You've stated that you can get back into CWM, this means you're not the owner of a "brick", so long as your device can be booted into either "Download Mode" or the "Recovery" screens you're device can be salvaged.

To re-flash your device with a PC you'll need to be in "Download Mode" and flash with a PC via USB, however, before trying these options you should first attempt to re-boot into "Custom Recovery" and restore from a known working backup. Often these bootloops can happen after messing with a "build.prop" setting or if you have moved an app over to SD that wasn't designed for it. The SD card takes a bit of time to load so if you've soft-linked a system asset from it, the asset could be loading during CWM booting process (ie loading the SD card to look for backups) and thus able to be loaded during the rest of the boot but otherwise called before loading the SD card.

** Download Mode is a differant button combo than CWM **

Best bet to keep from losing anything is make a backup now! or the next time you can boot into CWM. Even your non-working setup is usefull if you need to recover a text message or debug the differaces between working and non-working setups. Also it is really easy to do something dumb {I've been close} when frustrated, so give a gift to your future self, on the off chance that it is needed.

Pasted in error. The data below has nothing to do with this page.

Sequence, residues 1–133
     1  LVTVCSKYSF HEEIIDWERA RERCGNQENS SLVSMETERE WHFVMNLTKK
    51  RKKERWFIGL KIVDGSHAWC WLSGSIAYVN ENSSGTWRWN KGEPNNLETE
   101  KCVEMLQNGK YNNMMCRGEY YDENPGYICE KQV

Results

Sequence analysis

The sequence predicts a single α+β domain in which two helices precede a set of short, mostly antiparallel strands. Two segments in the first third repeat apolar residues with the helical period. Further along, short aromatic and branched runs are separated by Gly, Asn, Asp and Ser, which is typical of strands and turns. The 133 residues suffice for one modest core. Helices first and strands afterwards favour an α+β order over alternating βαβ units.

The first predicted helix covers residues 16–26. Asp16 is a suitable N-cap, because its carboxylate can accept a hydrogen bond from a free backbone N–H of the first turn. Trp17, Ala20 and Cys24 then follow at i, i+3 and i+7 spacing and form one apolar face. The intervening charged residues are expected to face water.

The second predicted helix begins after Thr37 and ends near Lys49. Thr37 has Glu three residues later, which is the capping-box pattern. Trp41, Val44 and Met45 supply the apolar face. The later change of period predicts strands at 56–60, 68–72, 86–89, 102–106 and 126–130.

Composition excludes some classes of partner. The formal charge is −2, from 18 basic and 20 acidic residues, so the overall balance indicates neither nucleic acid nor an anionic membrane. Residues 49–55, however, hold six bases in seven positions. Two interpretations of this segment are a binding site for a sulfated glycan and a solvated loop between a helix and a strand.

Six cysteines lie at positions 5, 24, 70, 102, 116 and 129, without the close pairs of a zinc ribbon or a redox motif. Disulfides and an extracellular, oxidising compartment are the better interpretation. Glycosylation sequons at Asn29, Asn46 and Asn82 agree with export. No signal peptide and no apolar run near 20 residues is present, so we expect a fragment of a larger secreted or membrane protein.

Then backup your SD card compleatly to another drive. Then;

  • reformat the SD card with Android's settings menu

  • re-download CM12 & copy back only needed data from the backup of SD card back to the SD card

reboot into CWM

  • flush the cache

  • flush the delvak cache

  • whipe userdata

  • then try re-flashing CM12

These are the steps I follow for the many Android devices I work with and similar steps are preformed for the even older devices. Ocasionally I will have to flash back to stock and re-root a device but this is rare; more often than not it is a bad kernal or bad download of a ROM that does this to my devices.